After lunch, I attended my very first group therapy session. A day prior, if anyone had suggested that I go to group therapy, I would have considered punching them in the face. But with no other choices to pass the time, I decided to give it a try. This was a patient-led therapy, instead of facilitator-led, meaning the floor was open to whoever had something to share or talk about. I had skipped everything else leading up to the group therapy, including socializing with anyone except the Ray-Bans guy. So there I was sitting in a circle with other strangers who were all in the same situation as myself. The hospital was good about ensuring that the patients participating in my group were all high-functioning depressives with a grip on reality. At the end of their time in the unit, these patients would be discharged to their homes, rather than a long-term care facility.
After a minute of sitting in silence in this circle of strangers, I finally decided to ask a question: “How do you get used to being here?” The response came back fast and succinct: “You don’t.”
I “voluntarily” admitted myself into a really shitty sleepover camp.
Continued in Part 3
Here you are. You’ve arrived at the stage of contemplating mental health treatment. For me, this came after a weekend of being unable to do anything but lie in bed and cry. I finally realized my mood swings and suicidal thoughts were not healthy and I should seek help and support from a professional. Some of you may even be at the preparation phase of seeking out treatment. In this stage, you have to engage in the dreaded task of finding a provider.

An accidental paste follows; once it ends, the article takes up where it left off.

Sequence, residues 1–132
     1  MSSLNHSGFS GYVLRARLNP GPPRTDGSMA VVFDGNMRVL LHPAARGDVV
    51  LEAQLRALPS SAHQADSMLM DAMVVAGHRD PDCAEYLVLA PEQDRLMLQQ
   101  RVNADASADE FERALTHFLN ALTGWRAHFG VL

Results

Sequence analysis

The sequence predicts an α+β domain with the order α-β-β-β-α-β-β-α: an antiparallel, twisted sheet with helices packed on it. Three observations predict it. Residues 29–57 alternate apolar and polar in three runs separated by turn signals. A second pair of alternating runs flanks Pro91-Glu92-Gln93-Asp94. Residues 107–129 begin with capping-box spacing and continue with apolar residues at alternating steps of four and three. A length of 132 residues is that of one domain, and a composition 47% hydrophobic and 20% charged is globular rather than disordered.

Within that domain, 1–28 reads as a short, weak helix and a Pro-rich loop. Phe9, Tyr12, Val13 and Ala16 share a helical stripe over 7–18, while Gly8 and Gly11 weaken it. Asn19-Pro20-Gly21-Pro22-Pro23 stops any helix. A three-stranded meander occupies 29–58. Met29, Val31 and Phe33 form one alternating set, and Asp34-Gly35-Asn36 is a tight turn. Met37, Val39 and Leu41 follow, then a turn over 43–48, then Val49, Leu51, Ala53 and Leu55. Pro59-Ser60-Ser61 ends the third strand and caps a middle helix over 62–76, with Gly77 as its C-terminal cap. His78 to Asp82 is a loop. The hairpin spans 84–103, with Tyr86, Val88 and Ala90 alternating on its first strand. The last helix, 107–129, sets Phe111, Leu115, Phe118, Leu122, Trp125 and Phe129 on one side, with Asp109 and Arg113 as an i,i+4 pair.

When looking for a provider the three best sources to get referrals are:
Once you have your list, here are five pointers for choosing the best therapist based on my experience of being in and out of various therapies throughout the last 20 years.
Overall, the fact that you feel you need mental health treatment and you are seeking it is a big step. Furthermore, if you are having anxiety about making that first phone call, like I did, ask a friend or loved one to call around on your behalf. Do not get discouraged or give up when trying to find a provider you click with. Also, always remember that you can vote with your feet. If you are working with a provider who is not a good fit, just find a new one. You are the customer, and you deserve to find someone suitable to help you get well.
about the author
My name is Dana Johnson and I am the creator of the Mood Check-In blog.